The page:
Bearing in mind there is no evidence for a threshold for the carcinogenic effect of asbestos and that increased cancer risks have been observed in populations exposed to very low levels, the most efficient way to eliminate asbestos-related diseases is to stop using all types of asbestos. Continued use of asbestos cement in the construction industry is a particular concern because the workforce is large, it is difficult to control exposure, and in-place materials have the potential to deteriorate and pose a risk to those carrying out alterations, maintenance and demolition. In its various applications, asbestos can be replaced by some fibre materials and by other products which pose less or no risk to health. 3
In a document released on May 13, 2010, the World Health Organization (WHO) called for urgent action to protect human health from exposure to 10 chemicals, amongst which is asbestos. The WHO says that "in 2004, asbestos-related lung cancer, mesothelioma and asbestosis from occupational exposures resulted in 107,000 deaths and 1,523,000 DALYs," "the sum of years of potential life lost due to premature mortality and the years of productive life lost due to disability."4
In October 2012, the WHO Regional Office for Europe published a 45-page monograph entitled: National Programmes for Elimination of Asbestos-Related Diseases: Review and Assessment. This document is based on a 2011 meeting convened by the WHO Centre in Bonn. Material in this monograph includes input from the meeting as well as information collected by the WHO about national asbestos situations. The report recognizes the pivotal role played by asbestos victims' support groups in raising awareness and urging political commitments. Footnote 11 on page 17 illustrates the dissension of Russian delegates to the consensus that all types of asbestos are carcinogenic.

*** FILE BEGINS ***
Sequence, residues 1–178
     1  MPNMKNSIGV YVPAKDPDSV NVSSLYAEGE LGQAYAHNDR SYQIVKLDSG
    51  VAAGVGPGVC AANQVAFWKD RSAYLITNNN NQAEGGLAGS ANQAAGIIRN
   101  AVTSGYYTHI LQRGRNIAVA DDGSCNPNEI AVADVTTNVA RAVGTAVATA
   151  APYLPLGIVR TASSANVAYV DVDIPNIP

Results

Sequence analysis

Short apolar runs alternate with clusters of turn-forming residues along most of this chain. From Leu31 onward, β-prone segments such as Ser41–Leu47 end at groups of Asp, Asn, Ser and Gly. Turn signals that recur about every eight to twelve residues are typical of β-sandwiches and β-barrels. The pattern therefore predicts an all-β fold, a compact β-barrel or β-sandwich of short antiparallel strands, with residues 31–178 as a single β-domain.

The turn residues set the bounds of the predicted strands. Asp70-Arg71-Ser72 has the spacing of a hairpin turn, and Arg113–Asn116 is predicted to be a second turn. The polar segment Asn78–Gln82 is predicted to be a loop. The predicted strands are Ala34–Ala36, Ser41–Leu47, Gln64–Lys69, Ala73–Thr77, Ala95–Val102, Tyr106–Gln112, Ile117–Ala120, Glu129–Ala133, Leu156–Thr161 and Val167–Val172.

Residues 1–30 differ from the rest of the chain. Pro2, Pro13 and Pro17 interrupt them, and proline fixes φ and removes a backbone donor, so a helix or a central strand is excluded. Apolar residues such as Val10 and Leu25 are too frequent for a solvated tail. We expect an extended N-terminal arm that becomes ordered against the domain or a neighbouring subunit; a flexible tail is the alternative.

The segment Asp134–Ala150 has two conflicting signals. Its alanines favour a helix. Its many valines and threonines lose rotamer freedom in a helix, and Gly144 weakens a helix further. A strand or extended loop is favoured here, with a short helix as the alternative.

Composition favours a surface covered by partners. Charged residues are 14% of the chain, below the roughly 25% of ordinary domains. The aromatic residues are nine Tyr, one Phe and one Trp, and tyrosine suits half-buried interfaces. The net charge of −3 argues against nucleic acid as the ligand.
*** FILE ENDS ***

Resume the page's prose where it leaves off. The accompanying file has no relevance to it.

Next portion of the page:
The final section of the report highlights:
On February 19, 2013, the WHO and the International Agency for Research on Cancer (IARC) issued a statement (Joint WHO/IARC Statement in response to the recent Lancet report) reaffirming their support for a worldwide ban on the use of all types of asbestos. This action was taken as a result of serious issues raised in a January 2013 article in The Lancet entitled: IARC in the dock over ties with asbestos industry. The full statement is below.